Mason surprised the Ravens on July 13 by abruptly ending his 12-year NFL career. Mason, 35, led Baltimore in catches and yards receiving last year, but said he was "ready to see what else life has to offer."
After speaking with Mason on the phone Tuesday night, Harbaugh maintained hope that Mason would have a change of heart soon after the start of training camp next week.
"I think it's real honorable what he's doing in the sense that it would be easy for a guy to just come in and go through the motions. Derrick does not want to go through the motions," Harbaugh said Wednesday. "He wants to make sure he's in the right frame of mind to compete at the level he's competed at his whole career, which is a warrior-type level.
"He's ready physically. He's in good shape and he's healthy. He just wants to decide if he's mentally ready," Harbaugh said. "It's really open right now. I'm optimistic and hopeful that he'll be there, but if he's not there, we'll be support and respect his decision either way."
Harbaugh said his conversation with Mason covered "family, his contract, the team, his feeling about competing and playing, what it's like to have a long career." The two also discussed the death of Steve McNair, Mason's close friend and former teammate.
"He was really open and up front," Harbaugh said of Mason. "It was two guys just trying to see what's down the road."
Upon announcing his retirement, Mason said he would decline interviews over the next two weeks.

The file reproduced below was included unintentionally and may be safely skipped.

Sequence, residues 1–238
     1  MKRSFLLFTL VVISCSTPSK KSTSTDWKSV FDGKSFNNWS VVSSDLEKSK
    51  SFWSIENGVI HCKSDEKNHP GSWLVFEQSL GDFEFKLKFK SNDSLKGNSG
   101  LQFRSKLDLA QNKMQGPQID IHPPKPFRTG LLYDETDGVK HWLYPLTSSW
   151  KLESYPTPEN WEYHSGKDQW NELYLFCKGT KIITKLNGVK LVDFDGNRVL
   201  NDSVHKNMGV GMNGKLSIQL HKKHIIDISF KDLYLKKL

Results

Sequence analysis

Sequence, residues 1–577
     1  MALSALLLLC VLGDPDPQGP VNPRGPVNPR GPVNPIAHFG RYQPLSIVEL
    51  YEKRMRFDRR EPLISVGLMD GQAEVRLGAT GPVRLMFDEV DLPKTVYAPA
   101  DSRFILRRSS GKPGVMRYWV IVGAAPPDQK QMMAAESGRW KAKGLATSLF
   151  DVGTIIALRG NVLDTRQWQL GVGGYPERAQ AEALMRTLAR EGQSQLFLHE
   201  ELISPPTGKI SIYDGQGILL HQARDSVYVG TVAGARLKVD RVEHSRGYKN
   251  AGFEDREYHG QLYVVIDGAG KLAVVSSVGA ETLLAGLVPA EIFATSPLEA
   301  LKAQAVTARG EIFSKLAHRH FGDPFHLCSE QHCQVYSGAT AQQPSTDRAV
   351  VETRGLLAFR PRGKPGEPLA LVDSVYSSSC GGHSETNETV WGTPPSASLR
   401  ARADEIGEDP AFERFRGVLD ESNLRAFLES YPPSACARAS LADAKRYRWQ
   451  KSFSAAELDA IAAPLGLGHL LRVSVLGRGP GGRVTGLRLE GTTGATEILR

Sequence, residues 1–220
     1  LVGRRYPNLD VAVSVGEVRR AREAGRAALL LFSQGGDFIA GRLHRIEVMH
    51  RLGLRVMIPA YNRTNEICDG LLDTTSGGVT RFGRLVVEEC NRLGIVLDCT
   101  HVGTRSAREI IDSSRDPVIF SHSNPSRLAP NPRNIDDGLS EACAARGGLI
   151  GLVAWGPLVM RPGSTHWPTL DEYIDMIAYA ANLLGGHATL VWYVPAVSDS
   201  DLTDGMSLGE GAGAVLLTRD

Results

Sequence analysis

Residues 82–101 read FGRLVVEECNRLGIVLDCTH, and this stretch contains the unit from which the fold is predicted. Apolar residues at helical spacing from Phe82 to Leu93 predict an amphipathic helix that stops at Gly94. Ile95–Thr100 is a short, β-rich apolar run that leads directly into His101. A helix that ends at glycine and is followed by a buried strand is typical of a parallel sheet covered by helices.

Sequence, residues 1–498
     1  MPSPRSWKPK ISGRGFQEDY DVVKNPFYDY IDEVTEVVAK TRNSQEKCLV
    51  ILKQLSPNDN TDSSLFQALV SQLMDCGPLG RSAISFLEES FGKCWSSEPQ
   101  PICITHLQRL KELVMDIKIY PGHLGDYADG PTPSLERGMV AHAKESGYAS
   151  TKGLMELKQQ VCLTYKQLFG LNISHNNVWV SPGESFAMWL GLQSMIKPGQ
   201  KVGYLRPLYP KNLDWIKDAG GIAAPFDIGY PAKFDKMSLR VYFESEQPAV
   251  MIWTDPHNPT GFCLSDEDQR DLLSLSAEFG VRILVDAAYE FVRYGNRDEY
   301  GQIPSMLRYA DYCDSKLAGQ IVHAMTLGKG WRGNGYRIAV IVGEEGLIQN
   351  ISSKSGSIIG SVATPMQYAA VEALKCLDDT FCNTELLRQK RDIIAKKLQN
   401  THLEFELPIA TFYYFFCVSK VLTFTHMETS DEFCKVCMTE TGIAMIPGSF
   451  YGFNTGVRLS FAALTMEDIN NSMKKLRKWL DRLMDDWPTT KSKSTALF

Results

Mason caught 80 passes for 1,037 yards and five touchdowns last season. He also had 12 catches for 190 yards and a touchdown in three playoff games. Without him, Baltimore's most accomplished wide receivers are Mark Clayton and Demetrius Williams.
"From a coaching standpoint, I think we have a chance to be a really good team, and if Derrick Mason is a part of it, that makes us even stronger," Harbaugh said. "But if he's not, we're still going to be a really good team. It comes down to Derrick and where his mind is at. He's the only one that can decide that."
The Ravens will hold a tryout for several second-tier receivers Friday, but probably won't make a major move before they're sure Mason won't be back.
"Up until Derrick officially retires, then he's still a member of the Baltimore Ravens," general manager Ozzie Newsome said. "We're OK with what we have, but we're always trying to get better. If there was a player we available in May or June that we thought could help our football team, we would have gotten him at that point."